Well, you don’t need to wear a plastic tarp when you watch it on the show, and when you would come to the bank, it would be a smart idea unless you wanted to get covered in blood and fish guts. Yeah, and you don’t get as drunk, watching it. You were wasted just by breathing the air. 

No, I mean the spirits still the same honestly it’s just you know obviously with the show, we can take it so much farther. You know we got to locations and we can plan things out for days in advance the show is very, you know the live version of it was very raw things you had to do on stage, which we challenged I mean we did do crazy stuff when it was a live event we made it rain inside of a club one time we like flooded the inside of the club that was pretty awesome.

We can actually bury people alive or throw them out of planes in a nightclub. So, once he went to a television platform we are the world of possibilities just opened up dramatically and our minds were like, like, just the end of calculating the possibilities. So much more fun. 

Why do you find it important to keep your private life out of the spotlight? 

I think there are several reasons but I think the first one is and probably the most prominent one is, it’s a fantasy. We create fantasy, whether it be our nightclub environment that we invite you to step into our world, a world of our creation. And it’s the same thing with Dragula as the television show, and in, in that world, we are selling to lay brothers and we’re not going to give you anything else. 

It’s us and it’s entertainment, so you don’t really need to see behind the curtain, you don’t need to see what the wizard looks like just enjoy the show.

What do you hope people take away from your legacy in the LGBTQ+ community?

I hope that they remember to not play safe. I hope they live a little dangerously and they live wild and loud and unapologetically, I want to see right I want I mean, don’t worry about offending someone offends someone like do it, you know like, as long as your heart’s in the right place and you think you have a message go screaming, you know if you get your ass before, then so be it you’ll learn from it and grow and change but just live out loud that’s the message I hope people get from watching the show.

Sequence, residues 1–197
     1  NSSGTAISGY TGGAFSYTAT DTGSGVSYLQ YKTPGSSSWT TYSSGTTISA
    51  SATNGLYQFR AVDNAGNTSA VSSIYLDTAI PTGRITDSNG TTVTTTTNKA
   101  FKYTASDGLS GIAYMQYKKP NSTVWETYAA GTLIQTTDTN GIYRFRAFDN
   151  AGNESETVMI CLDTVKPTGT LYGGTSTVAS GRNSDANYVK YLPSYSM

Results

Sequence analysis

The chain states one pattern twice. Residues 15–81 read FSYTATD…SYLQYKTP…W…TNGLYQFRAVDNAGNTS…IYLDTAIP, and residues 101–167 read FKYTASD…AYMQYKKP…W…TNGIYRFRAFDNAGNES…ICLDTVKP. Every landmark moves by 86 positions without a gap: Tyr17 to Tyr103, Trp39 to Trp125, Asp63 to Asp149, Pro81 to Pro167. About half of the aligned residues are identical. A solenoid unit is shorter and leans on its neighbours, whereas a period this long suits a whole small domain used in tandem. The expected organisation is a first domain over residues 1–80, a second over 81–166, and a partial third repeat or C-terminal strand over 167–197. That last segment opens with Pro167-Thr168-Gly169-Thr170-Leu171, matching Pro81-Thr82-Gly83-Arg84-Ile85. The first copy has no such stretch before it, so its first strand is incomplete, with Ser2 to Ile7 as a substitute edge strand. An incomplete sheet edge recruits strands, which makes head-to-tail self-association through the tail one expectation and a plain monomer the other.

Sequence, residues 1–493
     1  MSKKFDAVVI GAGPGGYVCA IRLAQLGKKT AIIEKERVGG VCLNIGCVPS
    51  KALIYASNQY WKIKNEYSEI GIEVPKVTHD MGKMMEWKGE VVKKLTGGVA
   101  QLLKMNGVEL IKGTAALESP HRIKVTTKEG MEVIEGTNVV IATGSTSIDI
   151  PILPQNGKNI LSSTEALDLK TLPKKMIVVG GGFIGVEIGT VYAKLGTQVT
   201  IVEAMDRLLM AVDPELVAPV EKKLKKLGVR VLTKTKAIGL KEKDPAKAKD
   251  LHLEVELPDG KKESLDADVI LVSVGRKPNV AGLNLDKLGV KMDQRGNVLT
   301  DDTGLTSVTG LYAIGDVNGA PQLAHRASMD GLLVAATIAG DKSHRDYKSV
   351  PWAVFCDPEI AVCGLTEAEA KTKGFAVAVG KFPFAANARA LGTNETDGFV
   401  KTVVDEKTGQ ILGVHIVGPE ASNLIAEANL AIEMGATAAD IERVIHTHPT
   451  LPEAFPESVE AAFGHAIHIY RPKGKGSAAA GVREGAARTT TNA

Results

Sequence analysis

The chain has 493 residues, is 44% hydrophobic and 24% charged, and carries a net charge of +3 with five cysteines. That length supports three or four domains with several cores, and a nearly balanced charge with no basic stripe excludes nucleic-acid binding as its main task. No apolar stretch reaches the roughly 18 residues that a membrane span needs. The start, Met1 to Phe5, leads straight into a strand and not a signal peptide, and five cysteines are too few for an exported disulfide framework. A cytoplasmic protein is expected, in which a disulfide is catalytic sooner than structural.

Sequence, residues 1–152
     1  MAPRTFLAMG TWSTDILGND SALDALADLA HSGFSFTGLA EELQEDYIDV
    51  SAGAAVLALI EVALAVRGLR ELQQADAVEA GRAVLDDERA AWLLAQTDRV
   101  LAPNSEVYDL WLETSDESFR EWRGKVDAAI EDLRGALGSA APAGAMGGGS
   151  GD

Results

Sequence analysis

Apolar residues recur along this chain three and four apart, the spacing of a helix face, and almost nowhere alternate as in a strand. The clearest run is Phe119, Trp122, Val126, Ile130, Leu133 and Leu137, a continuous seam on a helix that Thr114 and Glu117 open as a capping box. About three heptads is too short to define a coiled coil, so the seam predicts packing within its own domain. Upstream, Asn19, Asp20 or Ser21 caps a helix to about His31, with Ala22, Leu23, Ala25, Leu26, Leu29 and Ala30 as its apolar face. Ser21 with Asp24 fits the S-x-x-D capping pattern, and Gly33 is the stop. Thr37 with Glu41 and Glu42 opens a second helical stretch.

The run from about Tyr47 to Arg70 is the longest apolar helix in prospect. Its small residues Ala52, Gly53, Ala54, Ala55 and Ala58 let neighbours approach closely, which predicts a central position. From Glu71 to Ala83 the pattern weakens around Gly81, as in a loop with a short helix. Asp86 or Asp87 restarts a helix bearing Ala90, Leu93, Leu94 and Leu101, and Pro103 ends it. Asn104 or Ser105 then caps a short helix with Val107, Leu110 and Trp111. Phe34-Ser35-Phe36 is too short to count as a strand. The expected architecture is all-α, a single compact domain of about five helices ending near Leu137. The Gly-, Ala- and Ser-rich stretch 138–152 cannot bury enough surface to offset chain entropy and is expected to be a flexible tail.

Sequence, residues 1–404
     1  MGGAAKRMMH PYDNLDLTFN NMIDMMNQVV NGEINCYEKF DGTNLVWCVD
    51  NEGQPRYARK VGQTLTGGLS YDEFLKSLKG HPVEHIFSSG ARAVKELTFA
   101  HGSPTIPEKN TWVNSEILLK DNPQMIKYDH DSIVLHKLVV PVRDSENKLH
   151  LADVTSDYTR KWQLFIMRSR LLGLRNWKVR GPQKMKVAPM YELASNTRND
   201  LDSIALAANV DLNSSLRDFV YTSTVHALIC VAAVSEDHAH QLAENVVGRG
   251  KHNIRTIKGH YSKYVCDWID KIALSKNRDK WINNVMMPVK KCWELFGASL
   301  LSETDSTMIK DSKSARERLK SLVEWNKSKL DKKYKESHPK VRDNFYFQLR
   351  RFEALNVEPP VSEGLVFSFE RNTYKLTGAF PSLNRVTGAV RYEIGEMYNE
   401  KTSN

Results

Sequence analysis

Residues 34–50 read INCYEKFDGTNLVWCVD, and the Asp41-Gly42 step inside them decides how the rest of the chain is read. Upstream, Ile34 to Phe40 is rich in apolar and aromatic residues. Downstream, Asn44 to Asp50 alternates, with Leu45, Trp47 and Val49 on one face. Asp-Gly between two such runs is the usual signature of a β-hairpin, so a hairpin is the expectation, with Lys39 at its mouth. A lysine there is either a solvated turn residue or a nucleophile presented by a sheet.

What advice do you have for the next generation of drag queens and kings?

There are so many resources and people to look up to. Now, you know with the advent of other reality competition shows our show the internet like you could really learn in the safety of your own home, and just experiment. 

Don’t take it too seriously. Have fun with the makeup have fun with what you’re creating it is a little extension of theatre, step into the fantasy, and you know we all start somewhere we didn’t always look this gorgeous and flawless it takes some time to get there, though it may take someone new to get there too, but you will get there if you don’t give up. Enjoy the ride and laugh at yourself because it’s half the finance when you get home at night and you’re like, I feel so good I look so cool tonight, and then you’re like, oh my god I look like total s***. And it’s funny you know they just get into. I laugh at drag all the time.

What’s LA like during the 2020 pandemic?

It’s been nightmarish, honestly, I mean I think everyone’s been dulled down and desensitized at this point but the first couple of months were shocking, it felt like another country, it didn’t feel like we were in America anymore. I mean granted we live right in the heart of downtown Los Angeles, really high up in this tower and we felt so I don’t know I felt like we had been transported into like a nightmare.

Yeah, I mean it’s weird, because it was like a war zone down here for a little while because obviously at the pandemic and it was on lockdown well during the lockdown. Then there were riots and protests that were happening. So you, you are already locked up and couldn’t leave the house. 

And then there was like smoke in the air and there was people screaming outside and then there was like tanks in the streets for a while, and like helicopters and last, we realize what the f*** is happening like wow like this is really an I mean it shows you what bad government can do how quickly, everything can go to hell. If the wrong people are elected and I hope people remember that when it comes to Election Day this year.

What’s next on the docket for the both of you?

We’re really focused on Resurrection, that is our main focus so excited. It’s the best content we’ve ever created. And it’s taking 100% of our energy right now and that’s what we want to focus on. Yeah, we’re really pouring ourselves into it, the show. Boulet Brothers Dragula: Resurrection premieres in just a few days on the 20th. That’s at 12 am Eastern time so it’ll actually be airing in our timezone the night before at 9pm so we’re just a couple of days away. 

And when we, when the world finds out who wins that competitor will go forward to be on the fourth season of the show so we’re really excited for this moment we’re very excited for them. And that is our Halloween this year.

When’s the next party?

I mean we can’t like do a party so definitely not more TV content for sure we’re working on a lot of things behind the scenes I think people are gonna be very excited.Swanthula